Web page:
Christmas traditions around the world

Kendall Evans

With it being the holiday season, many families have their own certain traditions they do during this jolly time of year.

You probably have your own traditions you do with your family, but there are a lot of families in the world whose traditions probably aren’t the same as yours. Christmas is a holiday celebrated worldwide in many different ways.

In Africa, on Christmas morning people meet and go caroling from village to village. These carols start as early as 8 a.m. and the carolers wake many people that morning. On the west coast of Africa, many families have an oil palm set up as their Christmas tree, which is decorated with bells. On Christmas day, many games are played, dinner is eaten outside and at night fireworks are set off in celebration.

In European countries such as Ireland, France and Italy, the Christmas celebration lasts a few weeks after Christmas until Epiphany on Jan. 6.

In Italian tradition, children do not open their presents until Epiphany. Instead of Santa delivering presents, a kind, ugly witch named Befanna delivers the presents to the children. Befanna acts just as Santa does by sliding down chimneys and leaving presents in stockings for the good boys and girls.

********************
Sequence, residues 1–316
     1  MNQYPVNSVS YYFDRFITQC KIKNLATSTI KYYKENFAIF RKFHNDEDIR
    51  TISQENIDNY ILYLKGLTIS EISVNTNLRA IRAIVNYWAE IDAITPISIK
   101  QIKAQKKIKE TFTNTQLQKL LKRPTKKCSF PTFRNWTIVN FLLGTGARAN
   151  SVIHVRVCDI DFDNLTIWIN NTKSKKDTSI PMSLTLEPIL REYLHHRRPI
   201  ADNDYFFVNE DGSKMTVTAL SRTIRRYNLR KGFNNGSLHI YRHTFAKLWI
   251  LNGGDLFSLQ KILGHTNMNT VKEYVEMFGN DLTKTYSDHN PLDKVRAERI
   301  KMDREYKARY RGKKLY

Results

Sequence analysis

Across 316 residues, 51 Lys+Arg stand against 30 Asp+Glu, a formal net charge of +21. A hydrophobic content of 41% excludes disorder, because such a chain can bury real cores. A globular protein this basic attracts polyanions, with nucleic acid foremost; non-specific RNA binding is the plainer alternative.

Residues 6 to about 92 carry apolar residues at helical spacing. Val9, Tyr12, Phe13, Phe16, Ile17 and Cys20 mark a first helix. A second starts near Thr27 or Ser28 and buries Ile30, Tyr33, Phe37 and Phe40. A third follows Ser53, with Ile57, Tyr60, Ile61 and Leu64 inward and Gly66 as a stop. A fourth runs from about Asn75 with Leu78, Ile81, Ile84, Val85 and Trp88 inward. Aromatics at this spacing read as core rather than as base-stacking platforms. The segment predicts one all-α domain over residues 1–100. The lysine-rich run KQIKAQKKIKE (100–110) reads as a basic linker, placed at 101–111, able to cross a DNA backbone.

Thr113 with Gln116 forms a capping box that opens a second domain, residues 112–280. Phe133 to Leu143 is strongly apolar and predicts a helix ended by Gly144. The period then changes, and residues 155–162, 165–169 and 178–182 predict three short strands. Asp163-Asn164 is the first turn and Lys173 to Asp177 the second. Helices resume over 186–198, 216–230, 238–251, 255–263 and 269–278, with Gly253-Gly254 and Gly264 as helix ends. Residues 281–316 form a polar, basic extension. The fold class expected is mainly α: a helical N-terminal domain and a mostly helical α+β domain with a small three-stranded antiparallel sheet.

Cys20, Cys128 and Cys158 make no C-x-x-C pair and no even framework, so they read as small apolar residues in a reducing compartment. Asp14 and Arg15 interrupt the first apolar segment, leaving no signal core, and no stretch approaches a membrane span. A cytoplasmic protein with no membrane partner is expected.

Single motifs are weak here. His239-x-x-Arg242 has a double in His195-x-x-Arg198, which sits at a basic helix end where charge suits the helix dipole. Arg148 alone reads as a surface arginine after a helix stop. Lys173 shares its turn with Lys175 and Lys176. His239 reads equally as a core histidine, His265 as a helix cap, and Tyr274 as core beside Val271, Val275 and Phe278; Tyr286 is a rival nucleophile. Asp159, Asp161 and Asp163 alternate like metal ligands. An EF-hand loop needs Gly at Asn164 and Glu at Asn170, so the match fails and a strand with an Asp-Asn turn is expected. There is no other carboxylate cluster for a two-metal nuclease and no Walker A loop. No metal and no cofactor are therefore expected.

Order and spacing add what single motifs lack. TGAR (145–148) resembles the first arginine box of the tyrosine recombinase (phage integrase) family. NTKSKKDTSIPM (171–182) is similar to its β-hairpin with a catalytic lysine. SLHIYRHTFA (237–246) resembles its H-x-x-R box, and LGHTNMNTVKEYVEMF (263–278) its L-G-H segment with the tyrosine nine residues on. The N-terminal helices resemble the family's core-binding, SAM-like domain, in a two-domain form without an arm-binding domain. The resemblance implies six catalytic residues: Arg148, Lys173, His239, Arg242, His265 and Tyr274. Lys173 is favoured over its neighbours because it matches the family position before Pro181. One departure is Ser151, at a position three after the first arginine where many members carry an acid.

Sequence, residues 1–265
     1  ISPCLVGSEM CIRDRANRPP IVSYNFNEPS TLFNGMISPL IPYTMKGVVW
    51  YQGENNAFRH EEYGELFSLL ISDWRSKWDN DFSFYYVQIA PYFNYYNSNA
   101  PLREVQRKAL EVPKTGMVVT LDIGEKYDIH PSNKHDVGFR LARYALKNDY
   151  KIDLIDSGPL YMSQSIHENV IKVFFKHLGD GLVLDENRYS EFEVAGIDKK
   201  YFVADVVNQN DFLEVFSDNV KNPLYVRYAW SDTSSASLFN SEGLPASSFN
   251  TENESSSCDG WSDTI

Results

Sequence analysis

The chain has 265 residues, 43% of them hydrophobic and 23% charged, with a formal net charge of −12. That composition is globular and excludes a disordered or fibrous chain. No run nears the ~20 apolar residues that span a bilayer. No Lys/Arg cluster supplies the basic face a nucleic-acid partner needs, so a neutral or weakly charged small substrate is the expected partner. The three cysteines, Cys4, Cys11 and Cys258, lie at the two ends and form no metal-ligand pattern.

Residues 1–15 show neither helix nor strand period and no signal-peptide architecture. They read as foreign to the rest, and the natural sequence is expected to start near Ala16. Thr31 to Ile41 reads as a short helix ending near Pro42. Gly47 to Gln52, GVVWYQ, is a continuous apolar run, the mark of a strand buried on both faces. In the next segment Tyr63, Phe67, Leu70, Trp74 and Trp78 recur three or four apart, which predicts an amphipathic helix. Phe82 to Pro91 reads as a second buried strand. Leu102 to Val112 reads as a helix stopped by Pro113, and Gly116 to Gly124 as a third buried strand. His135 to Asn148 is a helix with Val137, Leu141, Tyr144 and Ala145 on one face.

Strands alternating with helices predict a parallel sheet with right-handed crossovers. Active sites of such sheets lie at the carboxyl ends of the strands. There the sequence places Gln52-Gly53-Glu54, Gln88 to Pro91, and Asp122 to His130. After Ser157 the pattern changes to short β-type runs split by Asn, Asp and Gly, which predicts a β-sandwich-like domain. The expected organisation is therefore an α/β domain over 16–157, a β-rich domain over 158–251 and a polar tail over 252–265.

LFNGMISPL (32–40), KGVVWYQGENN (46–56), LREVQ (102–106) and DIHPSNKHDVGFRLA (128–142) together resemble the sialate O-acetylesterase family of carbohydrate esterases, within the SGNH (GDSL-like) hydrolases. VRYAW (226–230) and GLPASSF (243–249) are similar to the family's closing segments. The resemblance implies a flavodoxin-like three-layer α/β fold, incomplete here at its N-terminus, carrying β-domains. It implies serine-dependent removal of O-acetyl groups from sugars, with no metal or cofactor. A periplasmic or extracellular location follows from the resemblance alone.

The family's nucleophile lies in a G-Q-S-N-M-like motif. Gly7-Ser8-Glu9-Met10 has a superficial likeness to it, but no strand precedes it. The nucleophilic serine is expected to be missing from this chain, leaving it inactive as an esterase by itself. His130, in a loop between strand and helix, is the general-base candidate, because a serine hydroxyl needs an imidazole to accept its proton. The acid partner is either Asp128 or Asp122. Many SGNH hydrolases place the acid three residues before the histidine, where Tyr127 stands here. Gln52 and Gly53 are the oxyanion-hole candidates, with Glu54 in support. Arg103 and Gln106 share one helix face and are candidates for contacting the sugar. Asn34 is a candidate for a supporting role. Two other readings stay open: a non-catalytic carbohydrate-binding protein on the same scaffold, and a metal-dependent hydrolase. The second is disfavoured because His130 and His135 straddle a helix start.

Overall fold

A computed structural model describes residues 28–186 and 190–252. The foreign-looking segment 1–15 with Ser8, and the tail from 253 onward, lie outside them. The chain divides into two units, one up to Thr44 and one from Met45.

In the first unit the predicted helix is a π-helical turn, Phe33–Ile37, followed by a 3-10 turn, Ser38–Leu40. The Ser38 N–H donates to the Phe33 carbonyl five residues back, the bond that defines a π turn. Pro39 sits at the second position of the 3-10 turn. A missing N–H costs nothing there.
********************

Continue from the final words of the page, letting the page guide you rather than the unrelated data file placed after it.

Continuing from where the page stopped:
Irish Christmas traditions are more focused around faith than having fun. On Christmas Eve, Irish families leave candles in their windows as a guide for Mary and Joseph. After dinner on Christmas day, many families leave out bread and milk with their doors unlocked as a sign of hospitality to others. It is also common to leave out mince pies and a bottle of Guinness for Santa instead of milk and cookies.

A Yule Log is a tradition heavily celebrated in France. This tradition started back before medieval times as a Nordic tradition that made its way across the globe. French families go out together on the morning of Christmas Eve to cut down a tree for their home. Once they select a tree, they cut the log down and the bit that is cut off is burned later that evening. The log is burned for 12 days and if there is any of the log left on the twelfth day it is saved for next year’s Christmas.

Coming a little closer to the United States, in South America, Christmas is celebrated more as a harvest festival. Christmas tends to be more of a time to give thanks to the Goddess Mother Earth in hopes for a fruitful harvest.

In Ecuador, children leave out their shoes rather than stockings for gifts to be set in. Brazilian families do not have Christmas trees but have a creche or Presepio instead which represents the Christ-child’s birth. Since it is very warm, many celebrate in the streets with firecrackers, brass bands and dancing.

As you can see, many different types of people celebrate this holiday in many different ways. There are even different traditions that happen throughout the United States.

Many caroling festivals happen in Boston. An ox decorated with ribbons and hollies is paraded around the streets in New Orleans. Hawaii has a Christmas luau featuring a Kalua pig as the main course.

Traditions bring people together. As you celebrate your traditions this Christmas, think of new traditions you could add.